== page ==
"In Marseilles, a garlic-vinegar preparation known as the Four Thieves was credited with protecting many of the people when a plague struck that city (1722). Some say that the preparation originated with four thieves who confessed that they used it with complete protection against the plague while they robbed the bodies of the dead. Others claim that a man named Richard Forthave developed and sold the preparation, and that the 'medicine' was originally referred to as Forthave's. However, with the passing of time, his surname became corrupted to Four Thieves." [13][14]

Could it really be true that the infamous four thieves never existed?! Were they created out of thin air via a centuries-long game of telephone in which the original formula was ultimately as mangled as the creator's name? We may never know.

The History of Thieves Essential Oil


While there are a few versions of the story they all center around one event, the Bubonic Plague. It is said that, during that time, four thieves went from house to house to rob those who had succumbed to the illness. After the thieves were captured and tried for their acts of robbery, a judge offered leniency if they would share how they were able to be around those afflicted long and often enough to rob them but not be affected by the illness. It’s interesting to note here that, during this time of the plague striking Europe, physicians were seen wearing long black robes, wide brimmed hats, and masks that appeared to have a beak. The reason for doing this is that the masks were said to have contained a combination of herbs, spices, and essential oils that the physicians would breathe in order to keep themselves safe from those afflicted with the illness. Their long black robes were also said to be doused in a similar fragrant concoction and current research continues to build upon this theory.

How did the thieves stay healthy and what were the herbs, spices, and essential oils used in the masks of the physicians?

There are as many recipes as there are theories for which aromatics were used during the time: some accounts say vinegar with a blend of sage, rosemary, rue, camphor, garlic, and cloves was best while other accounts say that garlic, cloves, and cinnamon were used. More mysterious than the original protective recipe is the actual story of how the blend came to be called “Thieves”. In 1966 a book called Nature’s Medicines was published and outlined a story that a man named Richard Forthave created a preparation of vinegar and garlic meant to taken as a medicine during times of outbreak. Did the four thieves exist or was the origination of this blend from a man who, through the passing of time and stories, had his surname corrupted to Four Thieves? We may never know.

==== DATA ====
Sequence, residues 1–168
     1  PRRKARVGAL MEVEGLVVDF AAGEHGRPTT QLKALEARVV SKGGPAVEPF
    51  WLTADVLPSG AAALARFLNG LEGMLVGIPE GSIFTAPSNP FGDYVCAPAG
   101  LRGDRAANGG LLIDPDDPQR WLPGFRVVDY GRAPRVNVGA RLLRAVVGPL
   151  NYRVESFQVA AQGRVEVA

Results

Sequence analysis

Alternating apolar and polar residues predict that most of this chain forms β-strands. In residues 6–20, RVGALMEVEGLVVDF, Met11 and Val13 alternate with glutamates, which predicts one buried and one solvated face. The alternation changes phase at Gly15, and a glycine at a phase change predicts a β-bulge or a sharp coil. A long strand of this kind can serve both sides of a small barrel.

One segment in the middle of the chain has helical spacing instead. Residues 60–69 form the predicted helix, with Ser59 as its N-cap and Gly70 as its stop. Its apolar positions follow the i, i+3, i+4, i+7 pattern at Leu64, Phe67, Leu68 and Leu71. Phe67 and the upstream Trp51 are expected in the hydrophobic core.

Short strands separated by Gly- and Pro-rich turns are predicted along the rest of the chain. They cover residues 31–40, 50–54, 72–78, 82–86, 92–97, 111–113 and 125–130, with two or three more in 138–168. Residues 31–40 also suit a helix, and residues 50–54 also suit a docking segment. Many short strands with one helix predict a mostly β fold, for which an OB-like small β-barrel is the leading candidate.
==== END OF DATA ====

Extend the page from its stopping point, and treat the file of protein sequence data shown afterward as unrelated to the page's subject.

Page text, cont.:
1. Shakespeare and the Black Plague

2. Secondary plagues spread through air, not just flea bites

3. Beak Doctor Costume

4. Essential Oils vs Bacteria

5. The Scientific American Cyclopedia of Formulas, 1910, p878

6. The New Sydenham Society's Lexicon of Medicine and the Allied Sciences, 1881

7. Medical Lexicon: A Dictionary of Medical Science, 1874, p10

8. Popular Science Monthly, Volume 30, January 1887, p383

9. The Scientific American Cyclopedia of Formulas, 1901, p585

10. Paris Pharmacologia, Volume 2, 1825, p18

11. The Elements of Materia Medica and Therapeutics, Volume 2, 1854, p946

12. Garlic Revisited: Therapeutic for the Major Diseases of Our Times? TH Abdullah, 1988, p1

13. Nature's Medicines, Richard Lucas, 1966, p38

14. Early citation of "Forthave's Vinegar"...The Mirror of Literature, Amusement, and Instruction, Volume 12, 1828, p89